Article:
Dropzone is another app that I barely scratch the surface of. I use it primarily to ferry files (SFTP) out to specific locations on remote servers (Think: dropping Linux ISO torrents into a watch folder) but it can do so much more. You can configure it to drop DMG's on one of it's icons to automatically open the DMG, copy the app to the Application folder, then put the DMG in the trash. All of the plugins (AFAICT) are written in ruby and so it was easily to take one that did 90% of what I needed and modify it to do that extra 10%. I really should look more into things I can do with this app.
Hyperdock - Paid ($10)
I started using this eons ago after coming to the Mac from Windows 7. I liked the window previews and wanted to replicate it. I still use the windows preview but the most-used feature of Hyperdock for me is the ability to scroll up on the title bar for any application to maximize it to fill the screen. I use that feature alone at least 15 times a day.
iStat Menus 6 - Paid ($12)
See the weather, system stats, etc in your menu bar. I like to be able to see my CPU, GPU, and Memory in my menu bar and while BitBar is great I like this visualization of this along with the extended data it gives me when I click on it.
iTerm 2 - Free
Hands down the best terminal for Mac. I have mine hotkeyed so
Ctrl+` toggles it's visor mode for quick hide/show. It's integration with tmux as well which is super nice for picking up right where you left off on a server using the power of tmux but being able to leverage the ease of adding/resizing panes/tabs.
JetBrains Toolkit - Paid ($89-$150/yr)
This is kind of a catch-all for all the IDEA products (Ultimate, PHPStorm, WebStorm, etc). I use this to keep my IDEA Ultimate updated. If you use more than 1 language you should splurge on ultimate. I use it for JS, TS, Python, PHP, Java, Ruby, and more. It's worth EVERY PENNY and the price goes down each year you use it. I know a lot of people are against subscription services especially for something like this but I would pay double without blinking. Don't @ me about Atom/Sublime/VS Code/Eclipse/emacs/vim, I've tried them and I promise you if you commit to IDEA Ultimate you will find it way more powerful.
NVAlt - Free
NVAlt was the app I never knew I needed but is invaluable to me. On its surface it's a simple note taking app without WYSIWYG or Rich Text UI. You can still bold things and what not but for me it's my scratch pad, it's my quick notes, it's my copy/paste holding zone. I have this hotkeyed (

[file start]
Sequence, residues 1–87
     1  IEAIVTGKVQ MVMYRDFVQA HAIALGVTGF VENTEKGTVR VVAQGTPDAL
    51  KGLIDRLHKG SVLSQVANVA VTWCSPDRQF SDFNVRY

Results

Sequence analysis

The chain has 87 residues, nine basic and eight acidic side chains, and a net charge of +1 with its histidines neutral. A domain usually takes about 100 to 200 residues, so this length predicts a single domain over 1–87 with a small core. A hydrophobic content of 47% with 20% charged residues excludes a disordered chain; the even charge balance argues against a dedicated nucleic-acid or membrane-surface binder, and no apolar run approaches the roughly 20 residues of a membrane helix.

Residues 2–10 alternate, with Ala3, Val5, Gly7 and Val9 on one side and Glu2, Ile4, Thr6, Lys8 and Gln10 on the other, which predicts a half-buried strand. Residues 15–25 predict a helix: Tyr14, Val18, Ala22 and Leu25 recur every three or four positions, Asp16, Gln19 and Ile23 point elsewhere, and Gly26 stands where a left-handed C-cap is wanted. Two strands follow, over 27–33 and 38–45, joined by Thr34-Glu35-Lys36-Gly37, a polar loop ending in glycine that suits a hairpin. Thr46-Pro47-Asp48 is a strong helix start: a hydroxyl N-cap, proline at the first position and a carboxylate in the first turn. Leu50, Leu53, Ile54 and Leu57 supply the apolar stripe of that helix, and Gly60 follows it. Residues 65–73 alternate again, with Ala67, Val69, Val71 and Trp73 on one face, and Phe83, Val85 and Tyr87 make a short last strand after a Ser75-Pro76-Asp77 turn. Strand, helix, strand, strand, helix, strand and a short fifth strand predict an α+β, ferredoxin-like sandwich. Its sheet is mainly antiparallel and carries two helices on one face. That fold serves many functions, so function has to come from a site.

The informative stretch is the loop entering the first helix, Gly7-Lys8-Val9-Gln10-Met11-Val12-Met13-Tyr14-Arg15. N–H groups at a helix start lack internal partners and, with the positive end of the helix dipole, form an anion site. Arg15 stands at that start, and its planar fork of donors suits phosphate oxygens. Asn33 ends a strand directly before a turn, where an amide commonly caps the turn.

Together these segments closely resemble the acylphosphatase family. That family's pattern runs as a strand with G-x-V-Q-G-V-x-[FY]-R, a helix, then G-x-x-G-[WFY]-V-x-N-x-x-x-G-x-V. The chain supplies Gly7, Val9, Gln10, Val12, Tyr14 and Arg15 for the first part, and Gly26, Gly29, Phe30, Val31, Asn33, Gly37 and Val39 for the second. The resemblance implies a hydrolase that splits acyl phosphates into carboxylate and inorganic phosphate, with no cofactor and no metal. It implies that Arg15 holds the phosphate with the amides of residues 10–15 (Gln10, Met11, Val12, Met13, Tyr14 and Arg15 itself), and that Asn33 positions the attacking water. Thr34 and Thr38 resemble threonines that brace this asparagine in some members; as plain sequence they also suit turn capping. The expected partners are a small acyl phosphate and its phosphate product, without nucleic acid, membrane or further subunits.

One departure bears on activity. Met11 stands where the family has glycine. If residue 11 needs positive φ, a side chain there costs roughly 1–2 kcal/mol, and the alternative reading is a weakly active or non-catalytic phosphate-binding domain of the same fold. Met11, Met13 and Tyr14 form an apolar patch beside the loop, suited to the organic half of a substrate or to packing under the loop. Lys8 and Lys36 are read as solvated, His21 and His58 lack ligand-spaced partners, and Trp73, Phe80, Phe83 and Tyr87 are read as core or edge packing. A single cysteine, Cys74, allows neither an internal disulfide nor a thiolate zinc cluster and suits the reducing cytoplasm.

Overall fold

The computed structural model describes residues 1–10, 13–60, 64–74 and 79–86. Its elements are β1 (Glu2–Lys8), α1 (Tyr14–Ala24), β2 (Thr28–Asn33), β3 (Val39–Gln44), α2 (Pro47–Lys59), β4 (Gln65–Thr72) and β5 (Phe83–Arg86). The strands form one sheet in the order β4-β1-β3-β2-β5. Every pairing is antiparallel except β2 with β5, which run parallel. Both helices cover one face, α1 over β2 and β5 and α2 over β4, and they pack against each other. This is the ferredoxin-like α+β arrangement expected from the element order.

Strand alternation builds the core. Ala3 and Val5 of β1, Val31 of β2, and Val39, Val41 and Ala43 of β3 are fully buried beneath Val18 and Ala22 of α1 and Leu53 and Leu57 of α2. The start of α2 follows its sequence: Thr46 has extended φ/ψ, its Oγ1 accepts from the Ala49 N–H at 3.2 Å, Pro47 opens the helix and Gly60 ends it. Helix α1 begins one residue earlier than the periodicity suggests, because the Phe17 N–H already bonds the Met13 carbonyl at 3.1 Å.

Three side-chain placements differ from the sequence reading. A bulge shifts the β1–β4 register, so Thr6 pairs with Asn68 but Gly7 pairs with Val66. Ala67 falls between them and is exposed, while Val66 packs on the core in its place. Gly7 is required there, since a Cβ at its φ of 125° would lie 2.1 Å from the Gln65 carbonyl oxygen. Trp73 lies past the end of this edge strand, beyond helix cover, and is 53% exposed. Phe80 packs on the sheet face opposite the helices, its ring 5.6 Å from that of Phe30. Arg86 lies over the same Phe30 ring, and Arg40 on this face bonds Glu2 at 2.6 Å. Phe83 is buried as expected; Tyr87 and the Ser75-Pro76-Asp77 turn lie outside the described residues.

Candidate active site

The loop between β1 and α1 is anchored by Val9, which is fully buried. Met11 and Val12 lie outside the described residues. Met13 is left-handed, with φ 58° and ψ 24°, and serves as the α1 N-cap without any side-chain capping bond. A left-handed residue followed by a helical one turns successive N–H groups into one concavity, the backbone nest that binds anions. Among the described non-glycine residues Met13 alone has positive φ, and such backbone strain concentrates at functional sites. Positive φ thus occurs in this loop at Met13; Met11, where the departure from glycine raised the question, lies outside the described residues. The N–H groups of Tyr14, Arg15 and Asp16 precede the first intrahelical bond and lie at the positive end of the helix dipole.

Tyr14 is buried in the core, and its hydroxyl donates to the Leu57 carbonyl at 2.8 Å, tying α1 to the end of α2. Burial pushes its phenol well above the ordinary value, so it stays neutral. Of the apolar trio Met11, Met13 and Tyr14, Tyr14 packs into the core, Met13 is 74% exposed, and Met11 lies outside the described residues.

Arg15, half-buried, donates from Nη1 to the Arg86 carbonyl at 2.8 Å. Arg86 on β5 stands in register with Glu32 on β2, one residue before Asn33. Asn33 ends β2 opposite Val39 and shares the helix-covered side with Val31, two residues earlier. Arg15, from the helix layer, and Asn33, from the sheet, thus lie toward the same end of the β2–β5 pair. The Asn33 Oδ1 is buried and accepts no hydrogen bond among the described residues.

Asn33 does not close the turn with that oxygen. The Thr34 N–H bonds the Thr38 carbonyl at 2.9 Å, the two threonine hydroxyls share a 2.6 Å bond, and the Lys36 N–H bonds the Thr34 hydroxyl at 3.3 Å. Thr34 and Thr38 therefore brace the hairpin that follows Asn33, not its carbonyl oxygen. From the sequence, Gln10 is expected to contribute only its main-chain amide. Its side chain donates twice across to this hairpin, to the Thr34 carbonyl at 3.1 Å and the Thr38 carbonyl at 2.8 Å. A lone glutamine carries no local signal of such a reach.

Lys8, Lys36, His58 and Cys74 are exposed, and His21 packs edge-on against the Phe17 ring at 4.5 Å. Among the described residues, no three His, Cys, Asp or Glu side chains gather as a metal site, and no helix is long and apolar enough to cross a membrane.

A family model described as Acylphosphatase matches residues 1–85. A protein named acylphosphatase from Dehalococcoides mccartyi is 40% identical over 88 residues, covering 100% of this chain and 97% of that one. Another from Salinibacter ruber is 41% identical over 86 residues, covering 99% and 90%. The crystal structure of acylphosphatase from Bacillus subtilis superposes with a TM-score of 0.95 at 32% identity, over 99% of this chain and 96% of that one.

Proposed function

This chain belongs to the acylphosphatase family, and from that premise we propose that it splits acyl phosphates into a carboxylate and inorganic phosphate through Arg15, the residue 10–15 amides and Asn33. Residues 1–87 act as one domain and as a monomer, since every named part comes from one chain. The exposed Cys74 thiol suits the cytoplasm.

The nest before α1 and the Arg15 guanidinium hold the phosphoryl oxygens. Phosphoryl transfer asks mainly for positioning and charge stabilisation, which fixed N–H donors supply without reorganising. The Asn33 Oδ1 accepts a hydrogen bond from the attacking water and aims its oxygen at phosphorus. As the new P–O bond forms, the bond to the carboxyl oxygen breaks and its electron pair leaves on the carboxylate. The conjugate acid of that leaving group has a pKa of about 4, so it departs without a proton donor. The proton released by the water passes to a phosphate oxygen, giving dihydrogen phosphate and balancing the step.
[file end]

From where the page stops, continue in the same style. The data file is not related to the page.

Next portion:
Ctrl+1) and I must hit this tens if not hundreds of times a day to quickly show/hide my notes. I use Simplenote as the syncing backend and I use the Simplenote app on my phone. I use it to compose long chats/iMessages/emails, keep track of a todos, list of the apps for this blog post, list of gift ideas for my partner and their family, and more. Pretty much it's my brain-dump. Yes I have heard of Apple Notes, yes I have heard of Evernote, NVAlt shines in it's lightweight no-nonsense approach. I need a few things in my notes app: Lightweight, hotkeyable, full text search, and iOS apps or sync to iOS apps. NVAlt comes through in flying colors.
Phoenix - Free
Phoenix is a lot more technical than most the apps on this list but it is the perfect tool for me. Once again I probably use only a sliver of the functionality but as someone who used to move between multiple multi-monitor setups it is a god send. Do you ever hate the resizing/moving/etc you have to do when you first go from Laptop to Laptop+Monitors? So do I! I tired Stay for a long time but it either stopped working reliably or my multiple multi-monitor setup was too much for it. When Phoenix I have programmed a hotkey to run some Typescript (compiled down to JS) that will detect the attached monitors by UUID and then automatically arrange my programs across the monitors like I want. This way when I plug into my setup at home or work everything is resized to fit those specific monitors. I looked long and hard for this solution and tried multiple other offerings. I had to get my hands "dirty" for this but it was well worth it.